Eurosport Events, the promoter of the World Touring Car Cup (WTCR), have outlined some changes that are set to be made to the competition ahead of the upcoming 2019 campaign. The changes have been made with the combination of cost-cutting and sporting variety in mind. It is also hoped that the alterations made to the series will result in a greater return in investment for manufacturers that take part.
The first major change is that each manufacturer will be limited to a maximum of four cars, spread across two teams. Each team involved in WTCR must compete with two cars in order to ensure a balance across the grid. Therefore, teams such as Munnich Motorsport and Comtoyou Racing (who ran three and four cars respectively in 2018) will have to downsize their operations in 2019.
Speaking to Autosport, Eurosport’s Francois Ribeiro explained the rationale behind this, saying: “We decided with the manufacturers, teams and FIA collectively that the right way next year is to say, ‘OK, we have eight brands represented. I said to them, ‘Look, I have the feeling if we don’t do something in the sporting regulations, we could end up with half of the grid with the same car brand which would create a problem for the others’.
“So I proposed with them to come up with a four-car maximum per brand, and only two-car teams. It will have to be two different licences and two different liveries. They can be side-by-side in the box and maybe there will be a common technical umbrella behind, but no one-car team, no three-car team, no five-car team.”
“That is I think the best level of protection we could set to make sure each brand who wants to support teams on the championship has a fair chance in terms of amount of cars on the grid versus competitors.”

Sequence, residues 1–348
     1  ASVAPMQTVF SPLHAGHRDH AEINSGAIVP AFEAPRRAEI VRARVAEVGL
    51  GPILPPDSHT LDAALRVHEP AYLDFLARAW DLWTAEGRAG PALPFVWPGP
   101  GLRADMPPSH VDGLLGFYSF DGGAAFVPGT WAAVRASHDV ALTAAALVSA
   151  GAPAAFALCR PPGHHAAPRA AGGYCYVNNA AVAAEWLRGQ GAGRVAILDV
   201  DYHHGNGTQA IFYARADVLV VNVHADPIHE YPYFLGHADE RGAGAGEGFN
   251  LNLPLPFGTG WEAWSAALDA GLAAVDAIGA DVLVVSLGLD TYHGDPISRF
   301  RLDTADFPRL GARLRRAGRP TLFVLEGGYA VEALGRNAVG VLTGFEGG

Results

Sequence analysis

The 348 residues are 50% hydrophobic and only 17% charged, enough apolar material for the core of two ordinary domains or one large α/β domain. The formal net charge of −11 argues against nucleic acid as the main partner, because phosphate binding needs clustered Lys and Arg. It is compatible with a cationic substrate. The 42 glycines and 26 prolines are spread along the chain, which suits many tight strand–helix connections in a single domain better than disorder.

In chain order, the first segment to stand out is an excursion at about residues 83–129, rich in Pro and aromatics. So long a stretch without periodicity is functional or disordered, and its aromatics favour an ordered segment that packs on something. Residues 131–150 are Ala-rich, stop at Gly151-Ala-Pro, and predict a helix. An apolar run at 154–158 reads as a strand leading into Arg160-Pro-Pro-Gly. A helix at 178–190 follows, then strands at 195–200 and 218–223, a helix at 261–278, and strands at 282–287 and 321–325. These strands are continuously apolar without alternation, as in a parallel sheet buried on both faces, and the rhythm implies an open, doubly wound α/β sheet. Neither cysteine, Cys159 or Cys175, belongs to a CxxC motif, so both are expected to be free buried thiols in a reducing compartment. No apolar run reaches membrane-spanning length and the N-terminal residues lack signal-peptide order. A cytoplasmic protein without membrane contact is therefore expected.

The rule change creates a particular issue for Comtoyou Racing, who ran four Audi race cars last year. Leopard-Lukoil Team WRT are already set to run two cars from Audi in 2019, meaning that Comtoyou can only run two of their quartet again next year. As such, the team will have to either part ways with two of their drivers from 2018, or provide them with a programme that utilises cars from a different manufacturer. It is therefore quite likely that Comtoyou Racing will compete with two different marques in 2019.
The second big change to the sporting regulations is the fact that the points system has undergone an overhaul. In 2018, points could be won for finishing in the top ten, however, with the grid expected to reach a capacity of around 30 cars in 2019, the number of points-paying positions has been extended. In a similar fashion to the British Touring Car Championship (BTCC), points will now be awarded to the top 15 drivers in each race, rather than the top 10.
Additionally, points will also be awarded during the two qualifying sessions as well as the three races per event. This is a change from the 2018 season, where points were not awarded in the first of the two qualifying sessions.
In conversation with TouringCarTimes, Ribeiro explained why this decision had also been made: “There was unanimous opinion from teams that it was already too difficult to get to the top ten, but next year it’ll be twice as hard, so the FIA was completely in line with the fact that we should give the points up to 15th, and getting to 15th next year will be tough – so I hope the World Motor Sport Council will go along with this,”